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Physicists Urge Energy Efficiency as Top Priority for US
From: Global Warming Is Real - September 16, 2008
An interesting article on views recently expressed by the American Physical Society (APS) on some current issues, of extreme importance to the whole concept of “greener energy”:
> Physicists Urge Energy Efficiency as Top Priority
A report released today by the American Physical Society urges the United States to prioritize energy efficiency in cars and buildings as a means of addressing the nation 's dependence on foreign oil and reducing greenhouse gas emissions.
The report from the 46,000 member organization characterizes the energy crisis as the worst in U.S. history and that the physics and chemistry behind the human causes of global warming is “well understood and beyond dispute”.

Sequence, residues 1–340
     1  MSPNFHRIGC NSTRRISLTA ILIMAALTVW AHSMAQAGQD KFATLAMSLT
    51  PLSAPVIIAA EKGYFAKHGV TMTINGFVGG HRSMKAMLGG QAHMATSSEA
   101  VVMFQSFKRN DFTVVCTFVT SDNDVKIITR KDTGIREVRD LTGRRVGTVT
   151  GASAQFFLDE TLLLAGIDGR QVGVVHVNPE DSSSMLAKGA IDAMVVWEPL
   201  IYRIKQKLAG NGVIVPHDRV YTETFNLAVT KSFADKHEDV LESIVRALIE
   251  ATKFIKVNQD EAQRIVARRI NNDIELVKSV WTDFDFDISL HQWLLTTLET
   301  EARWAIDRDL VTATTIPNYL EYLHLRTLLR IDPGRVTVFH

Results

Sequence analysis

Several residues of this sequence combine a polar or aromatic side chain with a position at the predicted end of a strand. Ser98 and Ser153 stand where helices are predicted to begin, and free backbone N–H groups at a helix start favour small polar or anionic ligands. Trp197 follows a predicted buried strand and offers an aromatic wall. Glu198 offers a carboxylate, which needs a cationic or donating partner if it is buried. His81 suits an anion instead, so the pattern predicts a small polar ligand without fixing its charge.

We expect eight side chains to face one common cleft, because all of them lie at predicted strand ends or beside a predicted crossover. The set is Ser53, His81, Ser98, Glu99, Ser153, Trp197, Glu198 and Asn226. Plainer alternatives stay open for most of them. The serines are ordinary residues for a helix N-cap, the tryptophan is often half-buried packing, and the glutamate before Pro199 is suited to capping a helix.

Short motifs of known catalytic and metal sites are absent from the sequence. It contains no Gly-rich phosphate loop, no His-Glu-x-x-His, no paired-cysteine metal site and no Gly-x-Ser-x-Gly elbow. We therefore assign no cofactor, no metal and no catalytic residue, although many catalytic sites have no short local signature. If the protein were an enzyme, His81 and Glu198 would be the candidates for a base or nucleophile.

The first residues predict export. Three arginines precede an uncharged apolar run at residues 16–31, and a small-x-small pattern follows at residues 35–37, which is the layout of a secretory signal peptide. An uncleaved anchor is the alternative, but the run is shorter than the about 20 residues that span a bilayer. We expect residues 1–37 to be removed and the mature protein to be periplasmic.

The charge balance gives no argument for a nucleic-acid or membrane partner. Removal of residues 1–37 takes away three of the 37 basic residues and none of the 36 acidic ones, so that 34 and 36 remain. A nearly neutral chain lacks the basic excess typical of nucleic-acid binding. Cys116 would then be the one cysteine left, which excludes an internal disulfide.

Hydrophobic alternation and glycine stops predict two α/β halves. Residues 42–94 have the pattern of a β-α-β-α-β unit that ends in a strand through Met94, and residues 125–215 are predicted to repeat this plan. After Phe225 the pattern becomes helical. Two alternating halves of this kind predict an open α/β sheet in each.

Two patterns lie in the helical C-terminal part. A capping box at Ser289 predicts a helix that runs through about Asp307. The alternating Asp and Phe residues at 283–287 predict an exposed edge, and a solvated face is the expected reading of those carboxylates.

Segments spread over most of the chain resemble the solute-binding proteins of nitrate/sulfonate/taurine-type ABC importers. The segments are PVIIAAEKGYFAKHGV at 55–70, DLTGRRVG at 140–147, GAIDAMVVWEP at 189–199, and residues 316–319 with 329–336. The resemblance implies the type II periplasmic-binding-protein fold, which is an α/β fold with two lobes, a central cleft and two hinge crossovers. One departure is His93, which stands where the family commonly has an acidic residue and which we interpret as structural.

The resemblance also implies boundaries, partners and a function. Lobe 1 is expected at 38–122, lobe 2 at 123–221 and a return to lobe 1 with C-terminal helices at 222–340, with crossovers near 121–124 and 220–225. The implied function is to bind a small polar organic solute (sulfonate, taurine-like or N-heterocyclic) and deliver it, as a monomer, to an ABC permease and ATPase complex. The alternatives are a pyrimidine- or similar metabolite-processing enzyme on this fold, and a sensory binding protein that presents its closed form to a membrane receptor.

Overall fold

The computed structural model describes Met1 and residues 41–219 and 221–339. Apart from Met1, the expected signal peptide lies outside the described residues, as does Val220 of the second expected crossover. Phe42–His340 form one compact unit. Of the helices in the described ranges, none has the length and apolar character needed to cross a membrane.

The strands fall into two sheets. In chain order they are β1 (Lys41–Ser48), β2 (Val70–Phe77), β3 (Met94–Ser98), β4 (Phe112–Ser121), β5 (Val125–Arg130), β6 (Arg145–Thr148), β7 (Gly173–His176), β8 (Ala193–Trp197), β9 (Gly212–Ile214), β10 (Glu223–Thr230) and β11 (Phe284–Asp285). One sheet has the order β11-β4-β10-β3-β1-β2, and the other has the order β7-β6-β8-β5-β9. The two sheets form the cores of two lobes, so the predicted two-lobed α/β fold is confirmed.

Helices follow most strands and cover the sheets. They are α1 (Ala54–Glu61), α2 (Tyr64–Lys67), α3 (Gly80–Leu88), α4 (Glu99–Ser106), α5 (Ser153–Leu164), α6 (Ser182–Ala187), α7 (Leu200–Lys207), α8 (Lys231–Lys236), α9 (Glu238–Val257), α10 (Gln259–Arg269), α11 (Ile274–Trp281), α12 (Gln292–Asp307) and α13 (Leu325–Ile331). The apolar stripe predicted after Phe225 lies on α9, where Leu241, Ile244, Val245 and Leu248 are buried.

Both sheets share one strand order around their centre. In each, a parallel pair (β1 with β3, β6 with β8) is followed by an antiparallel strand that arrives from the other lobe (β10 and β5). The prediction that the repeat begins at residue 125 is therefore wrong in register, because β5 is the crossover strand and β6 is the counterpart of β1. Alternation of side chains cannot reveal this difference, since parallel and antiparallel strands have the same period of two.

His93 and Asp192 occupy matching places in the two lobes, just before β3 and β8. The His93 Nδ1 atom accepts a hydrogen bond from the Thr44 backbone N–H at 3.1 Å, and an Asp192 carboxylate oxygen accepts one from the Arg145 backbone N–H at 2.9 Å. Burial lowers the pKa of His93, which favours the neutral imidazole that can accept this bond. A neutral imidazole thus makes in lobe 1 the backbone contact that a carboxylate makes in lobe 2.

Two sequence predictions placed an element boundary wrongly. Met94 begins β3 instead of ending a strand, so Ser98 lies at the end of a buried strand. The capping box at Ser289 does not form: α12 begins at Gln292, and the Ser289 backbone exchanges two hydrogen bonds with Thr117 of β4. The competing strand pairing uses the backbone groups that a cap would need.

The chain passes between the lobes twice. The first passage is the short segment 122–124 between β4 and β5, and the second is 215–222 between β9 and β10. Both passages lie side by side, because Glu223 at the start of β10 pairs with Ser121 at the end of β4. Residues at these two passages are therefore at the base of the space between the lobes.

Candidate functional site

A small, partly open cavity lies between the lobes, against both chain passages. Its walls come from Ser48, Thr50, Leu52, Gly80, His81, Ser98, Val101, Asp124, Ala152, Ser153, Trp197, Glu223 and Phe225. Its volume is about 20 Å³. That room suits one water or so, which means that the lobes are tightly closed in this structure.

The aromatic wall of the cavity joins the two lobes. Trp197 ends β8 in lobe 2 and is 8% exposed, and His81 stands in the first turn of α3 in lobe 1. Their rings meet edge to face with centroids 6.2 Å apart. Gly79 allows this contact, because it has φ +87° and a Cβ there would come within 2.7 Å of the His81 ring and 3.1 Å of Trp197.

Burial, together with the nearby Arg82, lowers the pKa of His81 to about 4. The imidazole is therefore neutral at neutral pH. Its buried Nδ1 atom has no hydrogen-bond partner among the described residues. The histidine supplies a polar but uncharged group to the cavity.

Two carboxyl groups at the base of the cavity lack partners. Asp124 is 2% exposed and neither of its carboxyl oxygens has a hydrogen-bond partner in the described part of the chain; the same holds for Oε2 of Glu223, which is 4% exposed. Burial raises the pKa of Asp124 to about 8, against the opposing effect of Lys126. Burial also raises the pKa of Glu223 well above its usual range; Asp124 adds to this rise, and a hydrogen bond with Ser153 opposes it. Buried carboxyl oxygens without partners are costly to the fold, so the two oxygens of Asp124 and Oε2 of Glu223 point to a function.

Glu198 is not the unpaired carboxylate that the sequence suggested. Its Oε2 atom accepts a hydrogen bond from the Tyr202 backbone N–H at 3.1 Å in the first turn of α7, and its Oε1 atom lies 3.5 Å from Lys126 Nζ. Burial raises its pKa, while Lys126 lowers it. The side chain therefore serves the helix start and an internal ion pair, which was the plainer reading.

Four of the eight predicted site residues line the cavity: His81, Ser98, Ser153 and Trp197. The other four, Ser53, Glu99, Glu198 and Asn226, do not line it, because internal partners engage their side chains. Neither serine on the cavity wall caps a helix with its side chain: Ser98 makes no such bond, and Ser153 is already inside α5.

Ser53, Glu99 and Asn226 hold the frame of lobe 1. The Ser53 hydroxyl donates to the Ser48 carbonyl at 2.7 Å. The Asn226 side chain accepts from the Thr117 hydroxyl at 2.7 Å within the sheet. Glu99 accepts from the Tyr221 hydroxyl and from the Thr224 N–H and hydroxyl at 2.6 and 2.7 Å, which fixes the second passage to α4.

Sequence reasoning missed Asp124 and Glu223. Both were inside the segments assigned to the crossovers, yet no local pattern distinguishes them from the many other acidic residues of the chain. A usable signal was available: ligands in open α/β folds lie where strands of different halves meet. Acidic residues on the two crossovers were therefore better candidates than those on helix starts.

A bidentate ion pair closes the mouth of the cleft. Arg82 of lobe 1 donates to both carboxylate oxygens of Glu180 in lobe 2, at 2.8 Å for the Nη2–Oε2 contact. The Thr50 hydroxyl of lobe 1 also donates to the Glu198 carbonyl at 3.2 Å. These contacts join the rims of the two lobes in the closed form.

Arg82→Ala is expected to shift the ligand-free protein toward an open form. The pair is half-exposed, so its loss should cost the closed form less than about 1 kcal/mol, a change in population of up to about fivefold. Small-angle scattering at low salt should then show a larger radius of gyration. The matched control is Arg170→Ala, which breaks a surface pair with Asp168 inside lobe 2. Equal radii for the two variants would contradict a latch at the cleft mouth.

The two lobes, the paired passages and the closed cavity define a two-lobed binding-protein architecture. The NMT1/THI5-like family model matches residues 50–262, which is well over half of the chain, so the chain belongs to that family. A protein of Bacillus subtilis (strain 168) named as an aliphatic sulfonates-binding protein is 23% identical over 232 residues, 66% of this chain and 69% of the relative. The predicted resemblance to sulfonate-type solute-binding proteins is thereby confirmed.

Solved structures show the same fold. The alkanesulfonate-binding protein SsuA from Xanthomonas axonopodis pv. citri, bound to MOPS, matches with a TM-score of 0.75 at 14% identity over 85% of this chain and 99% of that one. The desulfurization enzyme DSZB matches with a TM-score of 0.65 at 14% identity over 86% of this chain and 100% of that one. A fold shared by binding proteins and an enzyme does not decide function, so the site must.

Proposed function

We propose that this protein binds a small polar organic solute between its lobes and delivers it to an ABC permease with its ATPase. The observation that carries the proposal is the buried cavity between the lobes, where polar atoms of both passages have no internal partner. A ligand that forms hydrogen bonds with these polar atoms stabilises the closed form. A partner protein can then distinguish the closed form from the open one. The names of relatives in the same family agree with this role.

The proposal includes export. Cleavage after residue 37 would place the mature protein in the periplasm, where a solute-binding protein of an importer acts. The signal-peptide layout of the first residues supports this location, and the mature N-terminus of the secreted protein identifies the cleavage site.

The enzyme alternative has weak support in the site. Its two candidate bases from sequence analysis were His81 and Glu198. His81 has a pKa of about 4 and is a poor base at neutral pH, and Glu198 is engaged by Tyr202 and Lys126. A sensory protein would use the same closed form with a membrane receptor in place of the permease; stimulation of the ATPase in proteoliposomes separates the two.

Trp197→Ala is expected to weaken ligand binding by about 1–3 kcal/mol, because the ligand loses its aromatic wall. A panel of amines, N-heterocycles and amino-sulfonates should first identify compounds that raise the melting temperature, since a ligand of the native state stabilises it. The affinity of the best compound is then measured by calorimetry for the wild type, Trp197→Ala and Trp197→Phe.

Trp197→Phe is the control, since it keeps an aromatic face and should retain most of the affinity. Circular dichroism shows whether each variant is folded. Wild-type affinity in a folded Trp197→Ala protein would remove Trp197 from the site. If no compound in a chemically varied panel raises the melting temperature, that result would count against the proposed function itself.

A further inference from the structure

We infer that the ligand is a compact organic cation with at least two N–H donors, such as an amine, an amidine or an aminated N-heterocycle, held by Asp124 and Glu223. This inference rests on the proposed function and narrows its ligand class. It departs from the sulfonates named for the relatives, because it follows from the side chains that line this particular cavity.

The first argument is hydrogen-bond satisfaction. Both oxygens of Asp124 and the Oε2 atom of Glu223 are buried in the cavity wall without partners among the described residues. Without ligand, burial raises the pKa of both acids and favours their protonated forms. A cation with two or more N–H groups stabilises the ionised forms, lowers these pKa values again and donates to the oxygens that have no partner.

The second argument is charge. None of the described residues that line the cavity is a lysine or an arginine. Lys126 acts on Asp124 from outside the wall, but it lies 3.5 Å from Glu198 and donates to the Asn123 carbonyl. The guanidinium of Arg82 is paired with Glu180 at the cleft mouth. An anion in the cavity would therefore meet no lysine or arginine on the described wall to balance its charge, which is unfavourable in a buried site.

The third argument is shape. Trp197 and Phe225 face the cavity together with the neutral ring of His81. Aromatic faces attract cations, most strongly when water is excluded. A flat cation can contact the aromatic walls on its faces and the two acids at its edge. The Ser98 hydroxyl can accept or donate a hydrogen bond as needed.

While the mantra and imagined solution to the energy crises from some remains summarized in the all-too-familiar phrase drill now,
the report concludes that increasing energy efficiency is “comparable to discovering a hidden U.S. energy reserve”. One that is relatively easy and cheap to tap – “far easier than tapping new supplies of any kind”. Yet, the country is “slow to catch on” in fully utilizing the potential of energy efficiency, a strategy that would also reduce costs without sacrificing “comfort and convenience”.
I'm all for purchasing energy-efficient products, but not before the current products outlive their lifespan. Throwing away the old products, combined with the energy required to build new ones can actually be more harmful to the environment than using the old ones until they no longer work. By the time you upgrade to all energy-efficient appliances, etc, the definition of energy-efficient will have changed & you will need to upgrade again.
While the efforts of domestic energy efficiency in use for home appliances are important (not only for the environment but also for individual costsl), I suspect that the APS were focussing more on official energy policy -- higher efficiency in sourcing, conversion/generation and distribution, as well as major infrastructure/activities (transportation, buildings, etc), than on the consumer end.
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